"On February 17, 2005, the 1999 Plan District was amended with the intention of reviving development interest at Cascade Station. Development rights for the property were modified to allow, among other uses, up to three larger-format retailers. These anchor tenants are expected to provide the necessary customer draw that would spur the rest of the smaller retail to move forward, as well as the office and hotel uses."
PDC was perhaps between a rock and a hard place: seed the development with cheap plants that grow fast, or better fruit trees that might not bare any.
Griffin also ties her look at Cascade Station to Mayor Sam Adams' easing off of his refusal to support Walmart stores being established anywhere in Portland. Not long ago, Adams began talking with Walmart about an economic impact study for a store at Hayden Island, where he previously tried to keep the chain away. Some of this stems from the fact, as Griffin notes, that Walmart has spent many millions to buffet its image and appear more friendly to sustainability and smart city building. But a lot of it also has to do with the economy, and the fact that we can't be as picky about what kind of development we want when we really need development of any kind.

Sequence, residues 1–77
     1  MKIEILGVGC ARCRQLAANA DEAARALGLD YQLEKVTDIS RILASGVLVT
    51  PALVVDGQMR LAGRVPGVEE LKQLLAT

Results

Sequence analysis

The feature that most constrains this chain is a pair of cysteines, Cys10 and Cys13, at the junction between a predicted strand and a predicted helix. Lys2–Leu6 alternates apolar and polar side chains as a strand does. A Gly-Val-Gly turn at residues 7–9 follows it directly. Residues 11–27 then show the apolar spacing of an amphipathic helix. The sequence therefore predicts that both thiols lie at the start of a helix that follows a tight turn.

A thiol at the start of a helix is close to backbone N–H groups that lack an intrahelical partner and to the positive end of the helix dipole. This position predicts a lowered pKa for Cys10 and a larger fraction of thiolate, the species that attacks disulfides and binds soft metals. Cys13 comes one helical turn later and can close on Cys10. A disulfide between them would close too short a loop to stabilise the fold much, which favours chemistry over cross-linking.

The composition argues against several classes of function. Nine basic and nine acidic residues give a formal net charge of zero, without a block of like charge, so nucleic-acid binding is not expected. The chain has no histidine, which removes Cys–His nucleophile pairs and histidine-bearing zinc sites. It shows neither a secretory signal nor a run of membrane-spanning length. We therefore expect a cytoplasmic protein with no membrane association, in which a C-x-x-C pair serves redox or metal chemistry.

As for Cascade Station, I have to agree that it was probably never in the cards for this to be a pedestrian-oriented development, even with its MAX stops. But I suspect the people behind the development never had their hearts into the idea of urbanity.
When it was pitched as an idea in 1999, I attended a presentation on Cascade Station, and I specifically remember the would-be developers from Trammel Crow saying it would "look urban, work suburban". In other words, the office and stores might come all the way up to the sidewalk along Airport Way, but they would still have massive parking lots in back. And while MAX was a nice extra amenity, it was almost a non-factor, because the overwhelming majority of shoppers at Ikea and elsewhere would be coming and going in their cars.